In my early adulthood, I often thought a boundary was essentially a metaphorical brick wall, with no way to get in or out. This idea is, of course, wildly off base, and Tawwab’s new book addresses the topic beautifully and helpfully. If you could benefit from setting healthy boundaries in your work or life, this highly accessible resource from a licensed therapist may serve as a great starting point. Practical solutions, bullet-pointed ideas, and relatable examples – I refer back to my highlights in this book quite regularly.
I Miss You When I Blink by Mary Laura Philpott
I randomly picked this off of the Libby (library audiobook app) shelf knowing nothing about it – not even whether it was fiction or nonfiction. Turns out it’s a delightful collection of essays about everything from living as a Type A personality, to adulting effectively (or at least attempting to) in current times, to adapting one’s definition of success – and that it may not always mean coming in first place. As a Type A, enneagram 3 achiever myself who works primarily with achievers, I could relate to so many of Philpott’s hilarious, yet resonant, stories.
The Lazy Genius Way by Kendra Adachi
I’ve been a longtime fan / teacher of decluttering and have read tons of books on the topic, so nowadays I feel like most of what I read is refresher – not necessarily anything new. Adachi’s book thus surprised me, as she offers so many innovative ways of approaching this very familiar topic. She promotes being ‘a genius about things that matter and lazy about things that don’t,’ and I found her blend of practical ideas, along with questions for figuring out what will actually work for the individual reader, to be outstanding.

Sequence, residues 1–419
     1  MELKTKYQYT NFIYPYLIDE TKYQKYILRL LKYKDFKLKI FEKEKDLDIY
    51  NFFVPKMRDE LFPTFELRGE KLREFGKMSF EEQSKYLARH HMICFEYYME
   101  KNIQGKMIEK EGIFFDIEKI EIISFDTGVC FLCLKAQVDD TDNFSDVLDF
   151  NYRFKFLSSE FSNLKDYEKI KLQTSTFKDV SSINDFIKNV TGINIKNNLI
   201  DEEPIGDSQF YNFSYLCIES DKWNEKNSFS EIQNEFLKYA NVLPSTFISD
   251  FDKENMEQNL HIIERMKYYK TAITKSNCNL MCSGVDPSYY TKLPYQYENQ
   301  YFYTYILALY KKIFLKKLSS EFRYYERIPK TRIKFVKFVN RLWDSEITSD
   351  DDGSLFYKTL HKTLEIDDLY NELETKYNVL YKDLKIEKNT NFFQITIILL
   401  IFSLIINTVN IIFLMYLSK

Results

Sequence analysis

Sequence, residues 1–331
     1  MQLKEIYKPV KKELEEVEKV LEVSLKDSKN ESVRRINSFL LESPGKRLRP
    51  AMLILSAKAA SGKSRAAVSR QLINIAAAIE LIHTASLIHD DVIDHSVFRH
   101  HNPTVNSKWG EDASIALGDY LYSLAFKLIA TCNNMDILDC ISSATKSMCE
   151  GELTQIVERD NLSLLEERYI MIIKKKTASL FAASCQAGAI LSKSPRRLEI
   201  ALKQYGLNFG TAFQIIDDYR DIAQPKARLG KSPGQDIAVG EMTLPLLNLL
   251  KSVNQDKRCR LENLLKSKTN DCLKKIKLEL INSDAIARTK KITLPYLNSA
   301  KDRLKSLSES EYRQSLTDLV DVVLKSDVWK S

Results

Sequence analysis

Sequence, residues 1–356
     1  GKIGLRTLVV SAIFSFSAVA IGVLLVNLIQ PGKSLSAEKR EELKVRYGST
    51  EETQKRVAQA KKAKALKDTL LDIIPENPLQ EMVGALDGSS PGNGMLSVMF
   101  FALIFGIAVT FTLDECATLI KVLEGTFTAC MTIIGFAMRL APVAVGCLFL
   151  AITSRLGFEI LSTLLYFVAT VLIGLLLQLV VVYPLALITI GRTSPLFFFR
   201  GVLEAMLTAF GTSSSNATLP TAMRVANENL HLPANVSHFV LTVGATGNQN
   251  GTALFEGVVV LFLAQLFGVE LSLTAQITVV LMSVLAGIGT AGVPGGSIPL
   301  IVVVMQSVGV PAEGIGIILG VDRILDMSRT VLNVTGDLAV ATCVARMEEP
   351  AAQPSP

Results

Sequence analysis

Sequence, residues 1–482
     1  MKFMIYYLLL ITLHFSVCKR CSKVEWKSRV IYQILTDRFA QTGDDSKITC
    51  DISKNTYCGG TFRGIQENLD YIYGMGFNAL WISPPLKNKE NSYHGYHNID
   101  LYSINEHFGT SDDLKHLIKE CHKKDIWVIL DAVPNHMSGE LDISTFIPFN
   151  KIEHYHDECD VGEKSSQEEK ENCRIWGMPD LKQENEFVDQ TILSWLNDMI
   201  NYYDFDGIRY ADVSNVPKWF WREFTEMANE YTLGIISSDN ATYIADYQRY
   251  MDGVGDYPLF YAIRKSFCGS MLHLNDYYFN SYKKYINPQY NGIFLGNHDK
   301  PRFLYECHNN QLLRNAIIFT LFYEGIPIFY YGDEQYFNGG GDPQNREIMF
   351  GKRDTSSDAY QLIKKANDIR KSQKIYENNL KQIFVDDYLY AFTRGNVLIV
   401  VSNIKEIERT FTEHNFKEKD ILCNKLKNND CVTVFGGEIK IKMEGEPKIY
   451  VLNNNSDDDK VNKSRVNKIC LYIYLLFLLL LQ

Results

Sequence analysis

I’m Still Here by Austin Channing Brown
This well-written memoir offers an insightful look into the author’s experience as a Black woman in America, sharing stories from childhood all the way to now expecting her first child. I love memoirs that provide a look through a lens I have not experienced myself, and Brown does this with an honesty and graciousness that I firmly appreciated. I found this book incredibly eye-opening, and it has continued to prompt thought-provoking discussions since reading it early this year.
Think Again by Adam Grant
I have read and enjoyed several of Adam Grant’s books in the past, but Think Again completely blew me away – it’s in a league of its own when it comes to our thoughts, unlearning, nuance, and perspective. I’ve already written extensively about this book; you can learn more here and here for starters, and check out my video review on Instagram.
Uncomfortable Conversations With A Black Man by Emmanuel Acho
How often do we not ask a question for fear of appearing uninformed or of being unintentionally offensive? In this book, Acho’s overarching theme shines through: Let’s talk about things. Each section offers questions that Acho answers, clearly and kindly, from his perspective as a Black man in the U.S. He closes every chapter with additional resources to support our ongoing learning on important topics like communication, empathy, and antiracism.
Did I Say That Out Loud? by Kristin van Ogtrop
I laughed out loud more with this book than any other this year (just peek at the cover!). At the same time, I could relate so deeply to the many other emotions and inner thoughts van Ogtrop expressed. She is relatable, witty, and a keen observer of life; I particularly loved her commentary on relationships, parenting, and self-doubt. I closed the book wanting to give the author a big hug – both for all she’s experienced and for her grace in reminding me that I’m not alone.
Have you read any of these books?
Have you added any to your want-to-read list?
What’s the best book you’ve read this year?
I love talking books – let’s keep the conversation going below!